Not everyone has the same triggers, so it’s important to monitor and identify which ones upset your skin. For instance, you might find that foods don’t affect you, but any scented skin care product gives you a rash. Knowing your triggers can help you plan accordingly and stay symptom-free.

 

How Do You Treat Eczema?

Identifying your eczema triggers can help you avoid future flare-ups, but what if you’re already in the middle of one? Some skin care strategies can help you minimize eczema symptoms when they happen and provide plenty of relief.

 

You can try the following treatments to relieve current symptoms::[10]

 

●      Moisturizers

●      Over-the-counter allergy medications (antihistamines)

●      An oatmeal bath

●      Light therapy

●      Immunosuppressants

●      Topical medication applied directly to your skin

 

Note that some treatments, like medications and prescription creams, may require a prescription from a healthcare provider. But others, like soothing moisturizers, can provide some relief in the moment.

 

If you’re looking for a gentle moisturizer to calm your itchy, dry skin, consider a treatment designed with eczema symptoms in mind—like the Kate Somerville Goat Milk Moisturizing Cream. This cream offers your skin intense hydration and works to reduce the appearance of irritation and redness, making it the perfect option to soothe  skin. Just make sure you understand the difference between eczema and psoriasis [1] before using.

 

Take on Your Eczema with Kate Somerville

Understanding how to identify the clues of eczema vs dermatitis[2]  can help stop triggers in their tracks and can help you take control of your specific skin condition. Along the way, you might also need to enlist the  help of a seasoned Skin Health Expert.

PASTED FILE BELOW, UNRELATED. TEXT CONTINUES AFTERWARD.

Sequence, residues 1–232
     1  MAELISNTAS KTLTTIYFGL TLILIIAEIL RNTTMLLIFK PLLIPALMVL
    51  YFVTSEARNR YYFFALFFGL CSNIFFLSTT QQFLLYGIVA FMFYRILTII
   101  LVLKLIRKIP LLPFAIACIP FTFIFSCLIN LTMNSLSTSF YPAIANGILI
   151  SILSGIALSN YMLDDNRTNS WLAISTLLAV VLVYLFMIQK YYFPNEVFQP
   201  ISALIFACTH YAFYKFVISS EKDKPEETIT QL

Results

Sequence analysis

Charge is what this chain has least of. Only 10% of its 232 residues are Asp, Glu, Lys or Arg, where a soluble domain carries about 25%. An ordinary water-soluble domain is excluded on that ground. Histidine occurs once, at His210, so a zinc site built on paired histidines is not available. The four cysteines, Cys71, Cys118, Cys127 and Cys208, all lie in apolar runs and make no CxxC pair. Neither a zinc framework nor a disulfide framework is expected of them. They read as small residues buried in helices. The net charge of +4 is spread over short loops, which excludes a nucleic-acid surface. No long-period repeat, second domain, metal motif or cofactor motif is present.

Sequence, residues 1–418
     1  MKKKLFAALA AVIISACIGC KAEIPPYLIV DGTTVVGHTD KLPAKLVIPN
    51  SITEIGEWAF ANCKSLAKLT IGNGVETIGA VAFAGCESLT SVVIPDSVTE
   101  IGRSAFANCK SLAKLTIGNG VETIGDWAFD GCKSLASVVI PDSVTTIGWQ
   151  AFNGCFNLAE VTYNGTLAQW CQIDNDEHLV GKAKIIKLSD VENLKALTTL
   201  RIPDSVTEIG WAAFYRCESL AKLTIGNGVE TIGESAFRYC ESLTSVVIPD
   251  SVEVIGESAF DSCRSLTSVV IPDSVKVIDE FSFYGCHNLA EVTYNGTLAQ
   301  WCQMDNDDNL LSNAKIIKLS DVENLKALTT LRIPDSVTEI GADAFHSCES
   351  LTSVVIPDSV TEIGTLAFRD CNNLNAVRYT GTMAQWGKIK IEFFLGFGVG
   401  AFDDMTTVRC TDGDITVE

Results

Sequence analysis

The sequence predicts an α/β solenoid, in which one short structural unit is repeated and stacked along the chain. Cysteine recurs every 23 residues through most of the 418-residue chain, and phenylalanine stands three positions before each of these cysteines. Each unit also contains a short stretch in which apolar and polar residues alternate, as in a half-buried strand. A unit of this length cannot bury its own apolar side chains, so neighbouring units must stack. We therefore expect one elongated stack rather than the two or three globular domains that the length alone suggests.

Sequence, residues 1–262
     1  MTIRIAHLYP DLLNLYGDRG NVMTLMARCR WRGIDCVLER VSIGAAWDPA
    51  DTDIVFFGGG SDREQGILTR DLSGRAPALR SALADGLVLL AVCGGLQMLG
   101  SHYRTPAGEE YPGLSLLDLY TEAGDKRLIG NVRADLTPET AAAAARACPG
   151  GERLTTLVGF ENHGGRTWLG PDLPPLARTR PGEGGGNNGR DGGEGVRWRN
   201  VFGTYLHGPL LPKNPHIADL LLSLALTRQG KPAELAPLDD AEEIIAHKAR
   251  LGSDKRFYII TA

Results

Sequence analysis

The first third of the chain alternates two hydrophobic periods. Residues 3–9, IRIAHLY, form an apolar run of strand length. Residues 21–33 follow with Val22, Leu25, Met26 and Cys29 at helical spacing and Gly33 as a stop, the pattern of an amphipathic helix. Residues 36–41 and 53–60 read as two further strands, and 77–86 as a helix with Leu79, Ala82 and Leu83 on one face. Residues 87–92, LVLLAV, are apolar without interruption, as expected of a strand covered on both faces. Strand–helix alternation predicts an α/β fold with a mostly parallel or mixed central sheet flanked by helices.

At Kate Somerville, our founder knows the struggle of eczema on a personal level.[11] Growing up, she struggled with eczema. That’s why we create products that provide visible results, like our Goat Milk Duo. The soothing formula is sure to help even the most delicate skin, and the goat’s milk in it can bring you the same relief it brought Kate.

 

Give your skin the relief it deserves with Kate Somerville.

 

Sources:

National Eczema Association. What is Eczemahttps://nationaleczema.org/eczema/

 

National Eczema Association. Eczema Causes & Triggers. https://nationaleczema.org/eczema/causes-and-triggers-of-eczema/

 

National Eczema Association. Managing Itch. https://nationaleczema.org/eczema/itchy-skin/

 

Kate Somerville. Meet Kate. https://www.katesomerville.com/us/en/meet-kate.html

 

 


[1] National Eczema Association. Eczema Causes & Triggers. https://nationaleczema.org/eczema/causes-and-triggers-of-eczema/  

[2] National Eczema Association. What is Eczemahttps://nationaleczema.org/eczema/

[3] National Eczema Association. What is Eczemahttps://nationaleczema.org/eczema/

[4] National Eczema Association. Eczema Causes & Triggers. https://nationaleczema.org/eczema/causes-and-triggers-of-eczema/  

[5] National Eczema Association. Eczema Causes & Triggers. https://nationaleczema.org/eczema/causes-and-triggers-of-eczema/  

[6] National Eczema Association. Eczema Causes & Triggers. https://nationaleczema.org/eczema/causes-and-triggers-of-eczema/  

[7] National Eczema Association. Eczema Causes & Triggers. https://nationaleczema.org/eczema/causes-and-triggers-of-eczema/  

[8] National Eczema Association. Eczema Causes & Triggers. https://nationaleczema.org/eczema/causes-and-triggers-of-eczema/  

[9] National Eczema Association. Eczema Causes & Triggers. https://nationaleczema.org/eczema/causes-and-triggers-of-eczema/  

[10] National Eczema Association. Managing Itch. https://nationaleczema.org/eczema/itchy-skin/

[11] Kate Somerville. Meet Kate. https://www.katesomerville.com/us/en/meet-kate.html